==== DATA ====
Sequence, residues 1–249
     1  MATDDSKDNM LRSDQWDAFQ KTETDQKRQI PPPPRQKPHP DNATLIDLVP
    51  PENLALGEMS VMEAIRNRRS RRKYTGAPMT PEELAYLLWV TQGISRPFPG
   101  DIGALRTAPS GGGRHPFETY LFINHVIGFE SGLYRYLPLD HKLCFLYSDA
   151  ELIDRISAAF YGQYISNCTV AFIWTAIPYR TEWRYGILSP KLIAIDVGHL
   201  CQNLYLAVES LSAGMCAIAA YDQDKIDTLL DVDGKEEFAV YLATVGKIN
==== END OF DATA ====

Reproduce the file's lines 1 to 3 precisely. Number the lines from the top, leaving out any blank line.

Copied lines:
Sequence, residues 1–249
     1  MATDDSKDNM LRSDQWDAFQ KTETDQKRQI PPPPRQKPHP DNATLIDLVP
    51  PENLALGEMS VMEAIRNRRS RRKYTGAPMT PEELAYLLWV TQGISRPFPG